Levels and associations among self-esteem, fertility distress, coping, and reaction to potentially being a genetic carrier in women with diminished ovarian reserve

Among 62 women with diminished ovarian reserve, self-esteem significantly predicted fertility distress both directly and indirectly through emotional reactions to potentially being a fragile X premutation carrier.

Like Comment

Authors

Ceylan Cizmeli, M.A., Marci Lobel, Ph.D., Jason Franasiak, M.D., Lisa M. Pastore, Ph.D.

Volume 99, Issue 7, Pages 2037-2044.e3, June 2013

Abstract

Objective:

To measure the level of distress and its relationship with other psychologic factors in women with diminished ovarian reserve (DOR) who participated in a fragile X genetics study.

Design:

Longitudinal data analyzed with structural equation modeling.

Setting:

Four U.S. private and academic fertility centers.

Patient(s):

Sixty-two infertile patients with DOR.

Intervention(s):

None.

Main Outcome Measure(s):

Fertility Problem Inventory, Coping Scale for Infertile Couples, Rosenberg Self-Esteem, Health Orientation Scale.

Result(s):

Nineteen percent had low fertility distress, 56% had average fertility distress, and 24% had high fertility distress. Thirty-six percent self-reported a “favorable” or “very favorable” emotional response to potentially being a fragile X carrier (termed “emotions”), 53% were “ambivalent,” and 11% had an unfavorable reaction. Three months after learning that they were not a carrier, these percentages were 91%, 9%, and 0%, respectively. Emotions at this second time point were significantly more positive than at pretesting. At baseline, higher self-esteem was a significant predictor of reduced fertility distress both directly and indirectly through emotions. Fertility distress was not associated with coping. Self-esteem, fertility distress, pretesting emotions, and coping were unrelated to posttesting emotions.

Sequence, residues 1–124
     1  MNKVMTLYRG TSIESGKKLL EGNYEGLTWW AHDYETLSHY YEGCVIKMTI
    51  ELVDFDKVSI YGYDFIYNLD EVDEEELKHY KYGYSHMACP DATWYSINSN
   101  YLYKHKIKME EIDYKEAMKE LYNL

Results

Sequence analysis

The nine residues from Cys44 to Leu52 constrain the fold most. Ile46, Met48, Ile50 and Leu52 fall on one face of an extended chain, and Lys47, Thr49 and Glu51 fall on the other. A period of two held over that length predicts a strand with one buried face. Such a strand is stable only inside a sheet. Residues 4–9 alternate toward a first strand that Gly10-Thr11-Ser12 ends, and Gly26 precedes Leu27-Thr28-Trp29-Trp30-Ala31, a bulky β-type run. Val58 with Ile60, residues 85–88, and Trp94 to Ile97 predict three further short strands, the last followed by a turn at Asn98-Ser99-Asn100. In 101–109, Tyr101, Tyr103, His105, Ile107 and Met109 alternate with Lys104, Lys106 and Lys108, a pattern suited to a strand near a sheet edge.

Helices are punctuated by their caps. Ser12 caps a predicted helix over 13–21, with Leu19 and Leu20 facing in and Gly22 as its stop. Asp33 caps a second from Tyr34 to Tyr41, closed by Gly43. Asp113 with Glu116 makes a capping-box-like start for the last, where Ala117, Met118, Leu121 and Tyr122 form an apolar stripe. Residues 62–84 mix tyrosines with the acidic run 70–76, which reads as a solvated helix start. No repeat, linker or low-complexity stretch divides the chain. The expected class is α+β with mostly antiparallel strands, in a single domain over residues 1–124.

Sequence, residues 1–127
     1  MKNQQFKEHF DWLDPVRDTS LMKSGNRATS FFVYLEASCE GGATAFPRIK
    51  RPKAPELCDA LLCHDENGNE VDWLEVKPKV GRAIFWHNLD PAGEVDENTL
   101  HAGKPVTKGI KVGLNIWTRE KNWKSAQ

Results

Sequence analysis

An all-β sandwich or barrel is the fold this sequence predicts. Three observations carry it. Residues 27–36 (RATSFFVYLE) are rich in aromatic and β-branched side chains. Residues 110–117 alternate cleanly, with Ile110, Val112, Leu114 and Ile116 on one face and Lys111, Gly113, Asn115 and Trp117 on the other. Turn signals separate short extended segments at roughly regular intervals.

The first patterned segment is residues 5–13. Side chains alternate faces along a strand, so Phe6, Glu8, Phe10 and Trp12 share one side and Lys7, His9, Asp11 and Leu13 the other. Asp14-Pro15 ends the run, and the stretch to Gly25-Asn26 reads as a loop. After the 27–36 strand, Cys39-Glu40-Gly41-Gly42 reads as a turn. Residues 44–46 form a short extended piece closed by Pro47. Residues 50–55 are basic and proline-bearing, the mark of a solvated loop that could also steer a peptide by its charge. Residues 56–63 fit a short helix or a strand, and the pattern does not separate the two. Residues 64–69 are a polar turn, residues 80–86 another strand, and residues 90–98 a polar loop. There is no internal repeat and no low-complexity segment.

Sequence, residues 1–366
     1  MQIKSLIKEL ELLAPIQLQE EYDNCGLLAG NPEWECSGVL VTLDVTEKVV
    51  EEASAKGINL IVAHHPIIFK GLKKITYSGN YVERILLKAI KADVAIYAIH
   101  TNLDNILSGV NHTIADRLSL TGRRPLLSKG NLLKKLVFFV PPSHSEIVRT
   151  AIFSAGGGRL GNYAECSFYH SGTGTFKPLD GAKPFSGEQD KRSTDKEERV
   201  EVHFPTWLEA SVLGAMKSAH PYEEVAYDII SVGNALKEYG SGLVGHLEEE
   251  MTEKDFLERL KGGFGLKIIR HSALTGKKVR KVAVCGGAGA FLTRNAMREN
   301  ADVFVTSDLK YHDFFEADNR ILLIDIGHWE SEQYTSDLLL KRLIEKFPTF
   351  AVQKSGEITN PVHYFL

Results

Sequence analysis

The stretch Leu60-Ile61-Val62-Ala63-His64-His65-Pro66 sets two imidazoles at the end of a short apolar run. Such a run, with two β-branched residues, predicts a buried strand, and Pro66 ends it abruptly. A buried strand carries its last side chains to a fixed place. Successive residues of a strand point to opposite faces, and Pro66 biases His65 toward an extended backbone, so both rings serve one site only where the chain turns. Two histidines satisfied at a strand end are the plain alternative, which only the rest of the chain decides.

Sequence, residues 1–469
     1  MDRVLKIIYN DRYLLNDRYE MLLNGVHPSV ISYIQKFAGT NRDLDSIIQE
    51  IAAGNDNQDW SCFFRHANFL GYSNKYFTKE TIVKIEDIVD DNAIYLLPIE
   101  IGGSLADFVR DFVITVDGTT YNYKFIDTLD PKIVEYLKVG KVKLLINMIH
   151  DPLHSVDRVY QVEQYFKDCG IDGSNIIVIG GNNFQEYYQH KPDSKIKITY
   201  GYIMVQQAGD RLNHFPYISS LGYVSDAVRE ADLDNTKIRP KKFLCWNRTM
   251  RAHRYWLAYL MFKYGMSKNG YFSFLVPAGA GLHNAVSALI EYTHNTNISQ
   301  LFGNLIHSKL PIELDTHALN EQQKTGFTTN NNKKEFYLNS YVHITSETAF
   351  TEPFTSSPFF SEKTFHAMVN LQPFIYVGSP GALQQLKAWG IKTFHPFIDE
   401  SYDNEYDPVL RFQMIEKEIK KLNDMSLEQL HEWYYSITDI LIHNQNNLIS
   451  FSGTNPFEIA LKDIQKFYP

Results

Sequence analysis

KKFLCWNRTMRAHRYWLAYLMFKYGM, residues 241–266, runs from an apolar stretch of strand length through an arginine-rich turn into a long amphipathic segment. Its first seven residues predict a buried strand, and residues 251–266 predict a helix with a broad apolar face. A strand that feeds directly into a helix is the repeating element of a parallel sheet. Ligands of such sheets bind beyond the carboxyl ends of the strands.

Conclusion(s):

The potential of having an explanation for one’s DOR condition may have a beneficial impact on women’s psychologic states during the process of genetic testing, and this appeared to be especially true for women with higher self-esteem. Psychologic interventions targeted to women with low self-esteem may reduce distress and improve reactions to genetic testing.

Read the full text at: http://www.fertstert.org/article/S0015-0282(13)00325-7/fulltext


Fertility and Sterility

Editorial Office, American Society for Reproductive Medicine

Fertility and Sterility® is an international journal for obstetricians, gynecologists, reproductive endocrinologists, urologists, basic scientists and others who treat and investigate problems of infertility and human reproductive disorders.